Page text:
Pasture-raised poultry farming is completely different from conventional poultry farming. One of the most obvious differences is foraging behavior. In a pasture-raised system, chickens forage fresh grass every day. In a conventional poultry house, foraging is altogether impossible.
Chickens have been selectively bred by humans for quite some time, but their wild ancestor still lives in its native habitat in Southeast Asia. If we want to know what “natural behavior” looks like for a chicken, all we have to do is look to the Red Junglefowl for examples. Red Junglefowl are opportunistic omnivores that consume seeds, vegetation, insects, and other invertebrates. They scratch at the ground to reveal hidden bugs and then quickly peck and grab them with their beaks. They also peck and rip apart supple grasses and certain broadleaf weeds. Both the “scratch and peck” behavior and the “peck and rip” behavior are very familiar to anyone who has been around a backyard flock of chickens. By raising chickens on pasture we allow them to exhibit their innate foraging behaviors, still on display in the wilds of Southeast Asia.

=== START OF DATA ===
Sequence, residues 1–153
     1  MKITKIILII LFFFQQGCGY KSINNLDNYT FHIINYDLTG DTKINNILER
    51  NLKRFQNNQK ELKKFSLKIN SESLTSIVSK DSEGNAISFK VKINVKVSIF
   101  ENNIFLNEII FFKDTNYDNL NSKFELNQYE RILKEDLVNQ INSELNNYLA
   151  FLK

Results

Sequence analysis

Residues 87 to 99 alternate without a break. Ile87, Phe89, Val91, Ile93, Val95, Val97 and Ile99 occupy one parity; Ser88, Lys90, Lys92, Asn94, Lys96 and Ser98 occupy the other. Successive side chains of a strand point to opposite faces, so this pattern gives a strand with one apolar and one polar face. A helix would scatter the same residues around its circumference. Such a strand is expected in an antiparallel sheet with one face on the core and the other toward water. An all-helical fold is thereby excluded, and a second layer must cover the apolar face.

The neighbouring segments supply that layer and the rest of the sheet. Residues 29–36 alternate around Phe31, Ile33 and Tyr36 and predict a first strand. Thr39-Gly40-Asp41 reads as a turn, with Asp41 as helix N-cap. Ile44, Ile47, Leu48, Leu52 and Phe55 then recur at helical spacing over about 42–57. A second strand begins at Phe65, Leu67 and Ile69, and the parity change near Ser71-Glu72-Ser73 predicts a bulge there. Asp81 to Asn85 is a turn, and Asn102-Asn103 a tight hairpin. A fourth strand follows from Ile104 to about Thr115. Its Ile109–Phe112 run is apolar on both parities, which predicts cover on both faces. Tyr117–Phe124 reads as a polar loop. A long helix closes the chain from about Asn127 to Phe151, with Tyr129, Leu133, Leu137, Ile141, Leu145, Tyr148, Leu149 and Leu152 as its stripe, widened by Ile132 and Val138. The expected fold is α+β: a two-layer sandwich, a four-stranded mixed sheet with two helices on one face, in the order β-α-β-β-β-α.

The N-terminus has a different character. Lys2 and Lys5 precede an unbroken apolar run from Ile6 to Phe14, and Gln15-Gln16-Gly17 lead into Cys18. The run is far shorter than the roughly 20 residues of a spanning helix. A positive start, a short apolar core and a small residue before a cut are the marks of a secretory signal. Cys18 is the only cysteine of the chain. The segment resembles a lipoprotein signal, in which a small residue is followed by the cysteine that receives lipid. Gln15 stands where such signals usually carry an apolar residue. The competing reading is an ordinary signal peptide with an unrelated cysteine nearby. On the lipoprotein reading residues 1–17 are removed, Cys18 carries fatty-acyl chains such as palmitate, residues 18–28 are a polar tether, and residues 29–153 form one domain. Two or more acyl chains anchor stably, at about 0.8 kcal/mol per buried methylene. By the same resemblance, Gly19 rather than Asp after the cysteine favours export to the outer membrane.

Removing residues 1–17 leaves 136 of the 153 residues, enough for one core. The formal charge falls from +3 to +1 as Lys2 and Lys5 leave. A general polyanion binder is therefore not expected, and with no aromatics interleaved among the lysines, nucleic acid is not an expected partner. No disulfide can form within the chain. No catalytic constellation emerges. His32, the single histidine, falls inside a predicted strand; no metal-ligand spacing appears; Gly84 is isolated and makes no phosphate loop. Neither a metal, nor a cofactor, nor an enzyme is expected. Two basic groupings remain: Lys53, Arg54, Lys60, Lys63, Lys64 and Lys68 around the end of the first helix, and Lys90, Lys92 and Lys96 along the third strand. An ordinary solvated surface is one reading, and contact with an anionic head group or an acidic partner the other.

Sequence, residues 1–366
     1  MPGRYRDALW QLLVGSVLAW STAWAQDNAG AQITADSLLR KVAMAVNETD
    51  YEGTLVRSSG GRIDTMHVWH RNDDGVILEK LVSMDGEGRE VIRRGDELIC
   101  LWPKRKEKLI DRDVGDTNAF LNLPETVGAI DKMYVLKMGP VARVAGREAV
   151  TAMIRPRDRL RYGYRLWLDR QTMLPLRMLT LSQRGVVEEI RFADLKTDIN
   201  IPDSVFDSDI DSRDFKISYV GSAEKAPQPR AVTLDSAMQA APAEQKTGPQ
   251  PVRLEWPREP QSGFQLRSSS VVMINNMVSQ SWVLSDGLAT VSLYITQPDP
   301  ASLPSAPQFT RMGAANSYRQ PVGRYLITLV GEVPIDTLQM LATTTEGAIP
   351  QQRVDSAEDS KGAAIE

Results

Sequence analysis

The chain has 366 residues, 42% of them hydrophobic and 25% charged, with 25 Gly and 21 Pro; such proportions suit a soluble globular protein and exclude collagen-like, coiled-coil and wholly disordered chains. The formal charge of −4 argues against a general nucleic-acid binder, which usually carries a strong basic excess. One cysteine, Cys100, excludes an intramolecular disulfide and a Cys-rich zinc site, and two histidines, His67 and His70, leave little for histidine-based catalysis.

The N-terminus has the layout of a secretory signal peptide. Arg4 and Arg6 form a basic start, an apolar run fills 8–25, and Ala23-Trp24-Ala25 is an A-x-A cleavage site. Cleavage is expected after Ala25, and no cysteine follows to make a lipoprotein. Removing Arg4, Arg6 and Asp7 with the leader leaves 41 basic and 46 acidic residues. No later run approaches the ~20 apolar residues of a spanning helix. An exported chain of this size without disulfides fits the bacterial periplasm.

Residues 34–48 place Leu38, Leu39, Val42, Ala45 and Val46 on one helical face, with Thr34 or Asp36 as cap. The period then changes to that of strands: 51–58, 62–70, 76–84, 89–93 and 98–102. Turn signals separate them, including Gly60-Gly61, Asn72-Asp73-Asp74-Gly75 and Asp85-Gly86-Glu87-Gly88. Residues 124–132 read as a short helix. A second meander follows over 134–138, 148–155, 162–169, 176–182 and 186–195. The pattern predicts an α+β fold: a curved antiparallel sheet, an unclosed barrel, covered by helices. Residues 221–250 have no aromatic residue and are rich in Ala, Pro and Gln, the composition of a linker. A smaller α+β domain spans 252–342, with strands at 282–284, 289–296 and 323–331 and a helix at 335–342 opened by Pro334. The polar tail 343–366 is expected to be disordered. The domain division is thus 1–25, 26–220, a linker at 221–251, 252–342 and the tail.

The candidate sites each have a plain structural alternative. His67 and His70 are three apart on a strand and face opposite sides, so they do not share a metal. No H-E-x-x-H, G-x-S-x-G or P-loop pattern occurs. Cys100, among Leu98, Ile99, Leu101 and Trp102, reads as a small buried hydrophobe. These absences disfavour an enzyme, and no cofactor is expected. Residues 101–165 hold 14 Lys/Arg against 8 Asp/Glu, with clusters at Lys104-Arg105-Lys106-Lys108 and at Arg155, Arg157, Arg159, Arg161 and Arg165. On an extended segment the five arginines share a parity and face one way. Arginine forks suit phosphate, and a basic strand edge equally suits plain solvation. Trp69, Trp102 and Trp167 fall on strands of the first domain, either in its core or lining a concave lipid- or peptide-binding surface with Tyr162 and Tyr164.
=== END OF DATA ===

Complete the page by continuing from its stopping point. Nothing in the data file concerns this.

In contrast, conventionally-grown chickens are confined in large metal buildings with no grass, soil, or bugs (except for the ones living in the fecal-contaminated litter). Natural foraging behavior is impossible in this man-made environment.
We believe that all creatures are happier and healthier when allowed to exhibit their natural behaviors and live in the sunshine.